It's funny what analogy you are hoping to use here. Clearly, this is an Atwood machine, you can never achieve a solution by lumping up the system because you have two bodies in opposite motion. What makes this unique is that the masses are DEPENDENT on each other. You don't need to be an engineer to understand the dynamics of superposition. Or do you?

    I'm sorry I will have to ignore you from this point. Enjoy
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    (Original post by Onlineslayer)
    There is really no point arguing, especially if you are not prepared to learn.

    The Newton's second law you quoted does not consider any mass in isolation of whatever it is carrying. The resultant force on mass 2kg is clearly dependant on the mass of a what it is carrying (1kg) as they are currently being dragged by F.
    I can't begin to imagine what philosophy you are bringing into this and for whatever personal reasons. This is simple physics.
    Kids studying the motion of elevators are even more enlightened on this.

    The right hand side in your equation should have read (ma + mb) a

    But it's obvious you are not ready to accept your mistake as evident in your last paragraph:
    "We can treat the tension as an internal force"
    It's funny what analogy you are hoping to use here. Clearly, this is an Atwood machine, you can never achieve a solution by lumping up the system because you have two bodies in opposite motion. What makes this unique is that the masses are DEPENDENT on each other. You don't need to be an engineer to understand the dynamics of superposition. Or do you?

    I'm sorry I will have to ignore you from this point. Enjoy
    Why do you look at the speck of sawdust in your brother’s eye and pay no attention to the plank in your own eye?
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    (Original post by seb5321)
    A rope with a tension force of 20 N pulls the lower block in the figure. The coefficient of kinetic friction between the lower block and the surface is 0.3.

    The coefficient of kinetic friction between the lower block and the upper block is also 0.3.

    What is the acceleration of the 2.0 kg block?
    Name:  Untitled2.jpg
Views: 17
Size:  21.1 KB
    I got 1.76m/s^2... it sounds right but its quite complicated and i want to make sure i' ve got it correct

    First, I would apologise to the OP where the posting seems to derail from its intended purpose. I believe you already have the correct answer as around 1.8 m/s2 from MasteringPhysics or Knight physics Textbook.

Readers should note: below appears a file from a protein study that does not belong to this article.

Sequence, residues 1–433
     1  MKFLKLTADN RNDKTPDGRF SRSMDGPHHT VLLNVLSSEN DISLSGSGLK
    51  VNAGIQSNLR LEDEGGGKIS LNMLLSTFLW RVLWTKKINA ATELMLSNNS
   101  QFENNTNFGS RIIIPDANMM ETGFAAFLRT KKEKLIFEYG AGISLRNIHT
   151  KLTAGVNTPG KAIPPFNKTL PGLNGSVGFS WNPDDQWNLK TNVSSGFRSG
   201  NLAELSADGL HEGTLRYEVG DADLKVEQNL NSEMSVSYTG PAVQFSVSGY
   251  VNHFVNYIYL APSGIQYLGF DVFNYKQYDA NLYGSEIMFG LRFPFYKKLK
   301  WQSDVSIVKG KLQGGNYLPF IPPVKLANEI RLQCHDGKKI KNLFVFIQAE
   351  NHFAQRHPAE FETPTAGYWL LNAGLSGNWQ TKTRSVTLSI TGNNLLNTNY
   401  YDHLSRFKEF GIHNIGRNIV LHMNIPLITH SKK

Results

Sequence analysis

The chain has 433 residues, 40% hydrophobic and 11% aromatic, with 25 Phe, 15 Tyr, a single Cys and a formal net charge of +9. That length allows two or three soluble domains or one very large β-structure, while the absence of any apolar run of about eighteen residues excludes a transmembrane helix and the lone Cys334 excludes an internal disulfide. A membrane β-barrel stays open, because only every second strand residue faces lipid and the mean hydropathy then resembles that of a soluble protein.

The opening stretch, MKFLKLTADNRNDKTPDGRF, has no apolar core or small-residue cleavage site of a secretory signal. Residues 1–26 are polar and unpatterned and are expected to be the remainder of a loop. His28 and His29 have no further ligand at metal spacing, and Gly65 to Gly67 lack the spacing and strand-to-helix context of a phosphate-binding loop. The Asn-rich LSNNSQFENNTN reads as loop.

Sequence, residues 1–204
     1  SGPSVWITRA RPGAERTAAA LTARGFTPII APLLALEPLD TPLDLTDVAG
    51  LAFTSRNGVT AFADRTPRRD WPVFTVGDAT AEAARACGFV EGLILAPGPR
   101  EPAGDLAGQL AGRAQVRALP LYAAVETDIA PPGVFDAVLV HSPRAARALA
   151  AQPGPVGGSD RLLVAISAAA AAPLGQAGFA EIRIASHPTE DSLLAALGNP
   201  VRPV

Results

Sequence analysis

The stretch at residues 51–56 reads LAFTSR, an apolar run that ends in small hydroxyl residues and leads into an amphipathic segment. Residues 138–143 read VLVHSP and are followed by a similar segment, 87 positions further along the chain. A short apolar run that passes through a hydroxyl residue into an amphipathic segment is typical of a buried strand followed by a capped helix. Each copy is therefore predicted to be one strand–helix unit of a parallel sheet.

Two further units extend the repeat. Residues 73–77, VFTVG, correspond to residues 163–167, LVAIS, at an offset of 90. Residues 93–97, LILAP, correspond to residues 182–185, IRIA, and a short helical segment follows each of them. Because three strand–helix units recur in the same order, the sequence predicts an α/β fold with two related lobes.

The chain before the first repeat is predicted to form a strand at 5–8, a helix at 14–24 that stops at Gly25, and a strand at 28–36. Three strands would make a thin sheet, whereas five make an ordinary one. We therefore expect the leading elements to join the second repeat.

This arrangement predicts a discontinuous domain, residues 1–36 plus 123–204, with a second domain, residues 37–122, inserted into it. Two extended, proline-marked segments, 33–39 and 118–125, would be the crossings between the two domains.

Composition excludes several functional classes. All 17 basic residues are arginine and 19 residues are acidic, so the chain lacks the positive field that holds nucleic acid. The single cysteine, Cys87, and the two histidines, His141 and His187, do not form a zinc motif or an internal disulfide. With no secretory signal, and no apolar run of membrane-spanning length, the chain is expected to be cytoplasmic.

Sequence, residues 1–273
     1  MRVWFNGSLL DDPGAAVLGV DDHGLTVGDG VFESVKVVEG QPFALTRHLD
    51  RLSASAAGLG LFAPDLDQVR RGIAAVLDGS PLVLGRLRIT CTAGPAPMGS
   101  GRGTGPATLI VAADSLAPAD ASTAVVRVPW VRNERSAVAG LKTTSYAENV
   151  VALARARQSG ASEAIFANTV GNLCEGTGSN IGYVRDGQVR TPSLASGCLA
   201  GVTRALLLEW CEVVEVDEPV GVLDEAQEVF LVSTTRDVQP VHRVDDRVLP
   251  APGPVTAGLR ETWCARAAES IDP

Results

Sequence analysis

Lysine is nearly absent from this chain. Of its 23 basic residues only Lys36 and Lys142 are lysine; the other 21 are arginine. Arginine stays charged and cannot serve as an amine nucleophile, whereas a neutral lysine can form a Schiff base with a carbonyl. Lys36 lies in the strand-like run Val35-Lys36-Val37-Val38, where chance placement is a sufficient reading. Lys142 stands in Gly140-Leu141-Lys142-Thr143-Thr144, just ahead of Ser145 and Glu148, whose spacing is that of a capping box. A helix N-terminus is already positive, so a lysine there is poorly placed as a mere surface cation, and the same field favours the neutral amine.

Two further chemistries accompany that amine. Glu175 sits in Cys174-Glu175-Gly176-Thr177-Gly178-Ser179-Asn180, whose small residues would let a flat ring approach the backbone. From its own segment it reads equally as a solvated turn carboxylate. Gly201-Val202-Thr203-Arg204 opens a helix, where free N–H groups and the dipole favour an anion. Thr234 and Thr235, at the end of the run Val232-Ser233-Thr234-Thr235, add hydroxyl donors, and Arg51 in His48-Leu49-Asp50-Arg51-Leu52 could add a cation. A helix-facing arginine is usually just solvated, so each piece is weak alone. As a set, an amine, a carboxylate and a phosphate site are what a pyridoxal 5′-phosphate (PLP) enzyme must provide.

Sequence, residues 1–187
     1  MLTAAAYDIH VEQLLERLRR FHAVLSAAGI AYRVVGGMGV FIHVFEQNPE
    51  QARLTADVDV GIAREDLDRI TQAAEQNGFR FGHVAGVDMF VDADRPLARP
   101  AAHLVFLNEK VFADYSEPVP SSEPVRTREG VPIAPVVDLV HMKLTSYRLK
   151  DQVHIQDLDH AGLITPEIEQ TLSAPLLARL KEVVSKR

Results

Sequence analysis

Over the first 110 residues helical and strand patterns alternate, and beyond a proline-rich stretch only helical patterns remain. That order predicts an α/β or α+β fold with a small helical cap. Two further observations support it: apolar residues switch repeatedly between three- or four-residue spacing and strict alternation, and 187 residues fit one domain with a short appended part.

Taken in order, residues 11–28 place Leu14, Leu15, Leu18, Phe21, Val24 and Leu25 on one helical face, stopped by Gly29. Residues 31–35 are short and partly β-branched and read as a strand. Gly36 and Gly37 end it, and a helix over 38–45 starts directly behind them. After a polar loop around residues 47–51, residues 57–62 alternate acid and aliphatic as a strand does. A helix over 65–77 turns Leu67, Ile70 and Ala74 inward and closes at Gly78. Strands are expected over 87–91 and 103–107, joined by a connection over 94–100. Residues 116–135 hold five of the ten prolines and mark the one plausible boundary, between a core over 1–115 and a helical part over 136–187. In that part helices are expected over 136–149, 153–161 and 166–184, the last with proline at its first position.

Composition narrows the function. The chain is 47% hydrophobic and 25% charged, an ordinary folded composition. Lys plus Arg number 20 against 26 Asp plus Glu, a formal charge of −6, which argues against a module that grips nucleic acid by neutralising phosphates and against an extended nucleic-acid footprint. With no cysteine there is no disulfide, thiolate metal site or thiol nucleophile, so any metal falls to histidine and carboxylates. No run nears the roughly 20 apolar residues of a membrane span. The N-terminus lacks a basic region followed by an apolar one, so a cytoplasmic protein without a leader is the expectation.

(Original post by Onlineslayer)
    There is really no point arguing, especially if you are not prepared to learn.

    The Newton's second law you quoted does not consider any mass in isolation of whatever it is carrying. The resultant force on mass 2kg is clearly dependant on the mass of a what it is carrying (1kg) as they are currently being dragged by F.
    I can't begin to imagine what philosophy you are bringing into this and for whatever personal reasons. This is simple physics.
    Kids studying the motion of elevators are even more enlightened on this.

    The right hand side in your equation should have read (ma + mb) a

    But it's obvious you are not ready to accept your mistake as evident in your last paragraph:
    "We can treat the tension as an internal force"
    It's funny what analogy you are hoping to use here. Clearly, this is an Atwood machine, you can never achieve a solution by lumping up the system because you have two bodies in opposite motion. What makes this unique is that the masses are DEPENDENT on each other. You don't need to be an engineer to understand the dynamics of superposition. Or do you?

    I'm sorry I will have to ignore you from this point. Enjoy

    It seems to me that when you are shown to be wrong, you will also accuse other of being wrong. You can see what other people had done for this question.

    https://www.physicsforums.com/thread...system.222110/

    https://www.physicsforums.com/thread...-block.314301/

    Again, very likely that you would say they have done it wrong instead you.